A New Professor Pursues 'Green' and Multicultural Branding

Cindy Karp for The Chronicle

Sigal Segev, an assistant professor of advertising and public relations at Florida International U., studies the effects of "green" branding on particular populations.
July 04, 2010

Now that environmentally friendly products have gone mainstream, Sigal Segev is focused on what everyday consumers—particularly Hispanic ones—consider "green."

The Israeli scholar will bring her insights and passion for research to the classroom at Florida International University, where she begins working as a tenure-track assistant professor of advertising and public relations in August.

Ms. Segev's research, says Fernando Figueredo, chairman of the university's department of public relations and advertising, blends in well with the department's new focus on three areas: "green" branding, health communications, and multicultural branding.

Ms. Segev has held a non-tenure-track position at Florida International since 2007. Allan Richards, associate dean of the School of Journalism and Mass Communications, says her positive attitude and energy make her great to work with. "She is one of those people that is uplifting to the program and to the students," he says.

Ms. Segev had originally thought of becoming a journalist and working as a Middle East correspondent. She earned her bachelor's degree in political science and Arabic from Tel Aviv University in 1994 and moved to the United States that year.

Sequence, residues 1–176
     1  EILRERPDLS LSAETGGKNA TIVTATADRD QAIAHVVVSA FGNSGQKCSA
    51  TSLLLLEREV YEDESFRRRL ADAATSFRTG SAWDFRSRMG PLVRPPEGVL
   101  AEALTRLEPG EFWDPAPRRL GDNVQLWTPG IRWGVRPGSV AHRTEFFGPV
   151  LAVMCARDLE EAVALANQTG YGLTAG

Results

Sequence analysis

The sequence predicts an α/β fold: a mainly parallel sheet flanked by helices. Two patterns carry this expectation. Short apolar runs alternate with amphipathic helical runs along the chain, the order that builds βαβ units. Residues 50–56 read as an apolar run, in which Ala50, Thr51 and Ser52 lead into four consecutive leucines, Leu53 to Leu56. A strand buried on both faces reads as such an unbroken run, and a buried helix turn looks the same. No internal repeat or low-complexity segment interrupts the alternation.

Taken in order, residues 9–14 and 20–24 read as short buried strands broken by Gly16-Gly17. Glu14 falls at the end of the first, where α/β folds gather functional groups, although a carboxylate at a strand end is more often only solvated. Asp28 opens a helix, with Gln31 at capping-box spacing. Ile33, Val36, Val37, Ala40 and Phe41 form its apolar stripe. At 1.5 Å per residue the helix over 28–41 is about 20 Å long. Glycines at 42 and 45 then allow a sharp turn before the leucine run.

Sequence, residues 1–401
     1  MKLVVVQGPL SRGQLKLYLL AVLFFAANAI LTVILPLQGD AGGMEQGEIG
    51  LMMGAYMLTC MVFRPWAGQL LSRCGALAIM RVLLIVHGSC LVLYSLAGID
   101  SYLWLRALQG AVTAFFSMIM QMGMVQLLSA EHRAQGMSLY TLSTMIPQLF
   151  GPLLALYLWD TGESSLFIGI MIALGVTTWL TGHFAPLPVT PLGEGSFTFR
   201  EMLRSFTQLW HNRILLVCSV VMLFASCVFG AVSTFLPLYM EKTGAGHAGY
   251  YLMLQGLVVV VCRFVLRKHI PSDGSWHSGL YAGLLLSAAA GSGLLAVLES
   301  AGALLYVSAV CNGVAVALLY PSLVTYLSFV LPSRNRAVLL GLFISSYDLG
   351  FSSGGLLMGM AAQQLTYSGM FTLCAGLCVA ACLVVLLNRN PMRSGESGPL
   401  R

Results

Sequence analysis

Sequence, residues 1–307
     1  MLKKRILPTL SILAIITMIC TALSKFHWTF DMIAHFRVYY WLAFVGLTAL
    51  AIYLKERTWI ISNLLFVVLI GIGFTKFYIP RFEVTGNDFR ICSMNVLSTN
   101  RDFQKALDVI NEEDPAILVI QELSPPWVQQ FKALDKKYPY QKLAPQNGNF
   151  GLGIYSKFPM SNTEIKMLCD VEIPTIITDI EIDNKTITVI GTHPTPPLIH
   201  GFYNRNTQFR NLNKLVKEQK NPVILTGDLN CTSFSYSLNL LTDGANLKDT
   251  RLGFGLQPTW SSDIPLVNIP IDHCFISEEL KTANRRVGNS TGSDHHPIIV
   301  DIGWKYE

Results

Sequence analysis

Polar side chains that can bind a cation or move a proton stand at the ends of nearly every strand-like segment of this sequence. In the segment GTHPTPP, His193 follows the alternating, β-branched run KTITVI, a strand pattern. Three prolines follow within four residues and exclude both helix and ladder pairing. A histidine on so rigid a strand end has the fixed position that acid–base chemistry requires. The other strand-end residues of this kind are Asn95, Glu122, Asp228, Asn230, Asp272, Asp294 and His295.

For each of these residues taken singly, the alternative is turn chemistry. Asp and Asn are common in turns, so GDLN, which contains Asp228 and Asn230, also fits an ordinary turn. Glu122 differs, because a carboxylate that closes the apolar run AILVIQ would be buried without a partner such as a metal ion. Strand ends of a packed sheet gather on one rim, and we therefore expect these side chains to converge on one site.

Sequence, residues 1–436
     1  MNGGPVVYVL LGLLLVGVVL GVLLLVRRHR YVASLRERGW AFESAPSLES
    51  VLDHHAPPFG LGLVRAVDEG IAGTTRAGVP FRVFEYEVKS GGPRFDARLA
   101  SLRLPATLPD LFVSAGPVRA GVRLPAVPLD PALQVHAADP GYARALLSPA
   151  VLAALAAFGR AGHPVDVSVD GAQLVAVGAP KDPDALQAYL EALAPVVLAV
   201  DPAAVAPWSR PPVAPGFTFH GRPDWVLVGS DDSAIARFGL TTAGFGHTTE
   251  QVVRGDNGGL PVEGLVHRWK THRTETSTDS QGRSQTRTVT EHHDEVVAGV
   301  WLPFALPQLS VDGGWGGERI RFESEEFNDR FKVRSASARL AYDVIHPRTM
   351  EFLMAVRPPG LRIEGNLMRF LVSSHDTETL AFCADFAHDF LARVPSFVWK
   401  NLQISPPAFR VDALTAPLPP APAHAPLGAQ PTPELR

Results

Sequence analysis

The move didn't mean she had to give up her ambitions. Practicality, which she says has driven many of her decisions, led her to enroll in the university's master's program in advertising and public relations, given that Florida International did not have a master's program in journalism at the time.

She discovered her passion for consumer studies and communications while working on that degree and knew immediately she had not made a mistake.

"I fell in love with the topic, with the dynamic of the topic," she says. "It's journalism, it's public relations, it's consumer psychology, ... basically, it's creativity."

She decided she wanted a career in academe and enrolled in the doctoral program in communications at the University of Leicester, in England. The program there allowed her the flexibility to fly back and forth between England and Florida. She finished in 2004.

And although her goal was to find a position in academe, she took work in other fields. She says she knew that those positions would help inform her students later on about how to apply what they learned to real-world situations.

In between earning her degrees at Florida International and at Leicester, she worked as a public-relations officer for the Consulate General of Israel in Miami. She also worked as marketing-communications director for Surf Communication Solutions, a telecommunications company headquartered in Israel, with offices in several countries. Those experiences, she says, gave her "everything to be able to be credible in the classroom."

For instance, she taught a course at Florida International called "Publication, Editing, and Design" and was able to give real-world examples to students on how to work with designers to execute a company's advertising strategy because she had done that while working for Surf.

She started to focus on "green" consumption among Hispanics after she noticed, while shopping at Whole Foods, the large number of Hispanic consumers there.

She has found that their level of acculturation influences their shopping decisions. First-generation Hispanics, she says, tend to conserve more not necessarily because they are concerned about the environment, but because of the lack of resources in their home countries.

And with statisticians projecting that Hispanics will make up 25 percent of the population of the United States by 2050, the topic will remain timely for a while, which works well for Ms. Segev. "What I see is what I research," she says. "It's more down to earth."